Tag Archives: Pulse

Putting Wings on the Car: Plaxo Pulse Rising

In response to yesterday’s announcement of integration of the Disqus smart commenting system with the Plaxo Pulse social network, influential blogger Louis Gray wrote a piece on his thoughts overall on Pulse. He likes much of what Plaxo offers, but wonders whether a service known primarily as a business tool can convince people to project their lifestreams into it. He writes:

“This isn’t to say Plaxo hasn’t considered the problem of making such a dramatic shift in the public eye without losing its existing customer base. No doubt with the issues I brought up in mind, Plaxo has enabled categories of contacts, from “Business” to “Friends” and “Family”, making it possible that I could show my personal streaming data only to Friends and not Business contacts, for instance. That’s a smart move, one I expect other lifestreaming services to borrow. But not even this granularity solves the basic problem of what the site is known for and what they’re now trying to be. Putting wings on a car doesn’t make it an airplane.”

Is Plaxo really trying to put wings on a car? [Disclosure/reminder: I head up marketing at Plaxo.] Louis is correct from a marketing/brand perspective. For many people, Plaxo is a little piece of software in their Microsoft Outlook, providing a way keep their business contacts up-to-date. But Plaxo has always had bigger aspirations; the vision has been a “people layer” for the Internet, with each person having a unified and self-updating address book, leveraging the network effect. That unified address book would sync with Outlook, the Mac, AOL, Google, Yahoo!, the mobile phone, and more. And it would be accepted at just about every website. And inside that address book? Not just your business contacts, but everyone you know and care about, including, of course, your friends and family. In a few words, a major “who-you-know” play.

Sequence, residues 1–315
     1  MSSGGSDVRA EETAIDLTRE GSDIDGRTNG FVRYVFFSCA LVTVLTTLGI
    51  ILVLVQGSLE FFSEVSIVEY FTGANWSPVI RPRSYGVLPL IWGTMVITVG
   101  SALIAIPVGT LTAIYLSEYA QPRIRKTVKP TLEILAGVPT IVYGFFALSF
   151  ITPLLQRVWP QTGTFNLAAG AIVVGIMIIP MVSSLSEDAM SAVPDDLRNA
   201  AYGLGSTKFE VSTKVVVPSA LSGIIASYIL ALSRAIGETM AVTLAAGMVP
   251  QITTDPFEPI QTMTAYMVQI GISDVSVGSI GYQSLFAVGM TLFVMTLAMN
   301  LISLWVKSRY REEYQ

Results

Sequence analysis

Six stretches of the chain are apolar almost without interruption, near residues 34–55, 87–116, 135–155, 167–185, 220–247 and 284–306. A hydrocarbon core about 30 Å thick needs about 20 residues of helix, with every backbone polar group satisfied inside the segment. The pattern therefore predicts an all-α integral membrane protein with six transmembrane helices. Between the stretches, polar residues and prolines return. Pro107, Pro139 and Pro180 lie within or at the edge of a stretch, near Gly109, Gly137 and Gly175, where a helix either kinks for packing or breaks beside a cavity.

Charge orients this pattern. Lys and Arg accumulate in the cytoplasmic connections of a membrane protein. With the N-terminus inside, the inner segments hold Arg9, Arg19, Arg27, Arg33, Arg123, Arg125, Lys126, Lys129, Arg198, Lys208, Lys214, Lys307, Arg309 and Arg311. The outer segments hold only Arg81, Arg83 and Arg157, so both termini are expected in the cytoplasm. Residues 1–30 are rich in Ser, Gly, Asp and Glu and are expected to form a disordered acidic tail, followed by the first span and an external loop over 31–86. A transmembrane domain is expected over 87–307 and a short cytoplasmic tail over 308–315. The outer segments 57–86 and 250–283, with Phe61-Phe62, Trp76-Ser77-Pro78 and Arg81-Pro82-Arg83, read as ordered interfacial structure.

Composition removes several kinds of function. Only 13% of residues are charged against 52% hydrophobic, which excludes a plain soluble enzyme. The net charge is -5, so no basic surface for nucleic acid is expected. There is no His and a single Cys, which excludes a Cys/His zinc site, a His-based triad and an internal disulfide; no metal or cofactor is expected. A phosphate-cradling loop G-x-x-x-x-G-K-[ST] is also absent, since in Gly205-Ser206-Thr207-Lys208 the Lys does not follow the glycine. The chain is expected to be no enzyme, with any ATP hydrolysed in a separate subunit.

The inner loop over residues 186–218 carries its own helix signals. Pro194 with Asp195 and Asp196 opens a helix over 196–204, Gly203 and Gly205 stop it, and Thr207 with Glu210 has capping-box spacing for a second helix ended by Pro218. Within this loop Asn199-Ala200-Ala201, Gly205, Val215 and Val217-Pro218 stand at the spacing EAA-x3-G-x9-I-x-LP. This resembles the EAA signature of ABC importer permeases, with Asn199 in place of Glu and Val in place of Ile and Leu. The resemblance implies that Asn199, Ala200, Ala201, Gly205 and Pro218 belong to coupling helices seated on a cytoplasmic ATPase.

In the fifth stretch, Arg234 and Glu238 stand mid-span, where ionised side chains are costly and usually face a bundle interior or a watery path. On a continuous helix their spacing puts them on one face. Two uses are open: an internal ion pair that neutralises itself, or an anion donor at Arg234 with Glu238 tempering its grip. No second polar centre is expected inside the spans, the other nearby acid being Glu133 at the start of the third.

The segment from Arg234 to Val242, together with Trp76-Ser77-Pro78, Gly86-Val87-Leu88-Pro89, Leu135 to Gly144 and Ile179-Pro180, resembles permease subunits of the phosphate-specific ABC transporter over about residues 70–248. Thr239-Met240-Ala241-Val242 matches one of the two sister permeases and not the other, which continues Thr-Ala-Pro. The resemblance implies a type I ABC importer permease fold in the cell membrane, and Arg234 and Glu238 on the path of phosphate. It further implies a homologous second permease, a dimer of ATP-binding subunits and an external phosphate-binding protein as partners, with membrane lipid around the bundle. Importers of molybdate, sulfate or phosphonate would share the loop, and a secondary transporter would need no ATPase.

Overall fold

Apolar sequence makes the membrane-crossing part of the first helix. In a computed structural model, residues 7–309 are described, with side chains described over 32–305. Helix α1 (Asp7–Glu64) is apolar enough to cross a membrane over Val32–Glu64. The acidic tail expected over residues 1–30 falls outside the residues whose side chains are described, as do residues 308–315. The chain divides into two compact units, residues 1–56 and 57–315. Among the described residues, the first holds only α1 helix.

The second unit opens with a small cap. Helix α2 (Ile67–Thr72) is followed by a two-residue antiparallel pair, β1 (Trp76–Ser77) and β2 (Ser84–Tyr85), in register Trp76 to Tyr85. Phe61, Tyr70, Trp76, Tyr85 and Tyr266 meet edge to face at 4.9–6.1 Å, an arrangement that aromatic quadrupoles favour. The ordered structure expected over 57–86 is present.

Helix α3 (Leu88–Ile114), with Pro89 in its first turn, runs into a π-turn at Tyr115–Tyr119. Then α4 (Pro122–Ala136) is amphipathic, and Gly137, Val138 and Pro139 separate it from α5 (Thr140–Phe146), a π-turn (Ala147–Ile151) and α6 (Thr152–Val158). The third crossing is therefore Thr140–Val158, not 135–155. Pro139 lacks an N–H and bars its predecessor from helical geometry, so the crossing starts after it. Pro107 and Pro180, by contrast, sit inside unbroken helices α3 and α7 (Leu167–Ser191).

When we were contemplating Pulse, which brings your address book to life, enriching your connection to the people you know and care about, we had to answer a key question:

Would many of the 20 million current Plaxo members find the new functionality interesting and useful, and would people be willing to categorize the relationships they are declaring in Pulse as family, friends, and business?

After all, the first generation of social networks had trained people to “friend” just about anybody. We were convinced that there was a BIG market opportunity to take the concepts of social networking and recast them for a more mainstream, post-college demographic. The idea? Give people control over what they share with whom. We were and are convinced that the real Social Web will be like an iceberg. The blogs and tweets and other fully public content is the shiny white ice visible above the surface of the water, but running deep and wide is the mass below the waterline: the private and semi-private conversations between family and friends.